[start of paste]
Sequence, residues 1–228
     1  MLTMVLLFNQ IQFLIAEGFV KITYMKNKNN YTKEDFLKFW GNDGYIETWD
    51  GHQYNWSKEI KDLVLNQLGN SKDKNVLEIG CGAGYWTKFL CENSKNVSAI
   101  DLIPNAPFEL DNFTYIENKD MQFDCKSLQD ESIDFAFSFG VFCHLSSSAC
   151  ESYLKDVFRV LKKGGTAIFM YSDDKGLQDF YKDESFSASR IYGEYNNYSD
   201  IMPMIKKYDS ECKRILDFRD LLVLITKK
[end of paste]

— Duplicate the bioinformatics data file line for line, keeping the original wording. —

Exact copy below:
Sequence, residues 1–228
     1  MLTMVLLFNQ IQFLIAEGFV KITYMKNKNN YTKEDFLKFW GNDGYIETWD
    51  GHQYNWSKEI KDLVLNQLGN SKDKNVLEIG CGAGYWTKFL CENSKNVSAI
   101  DLIPNAPFEL DNFTYIENKD MQFDCKSLQD ESIDFAFSFG VFCHLSSSAC
   151  ESYLKDVFRV LKKGGTAIFM YSDDKGLQDF YKDESFSASR IYGEYNNYSD
   201  IMPMIKKYDS ECKRILDFRD LLVLITKK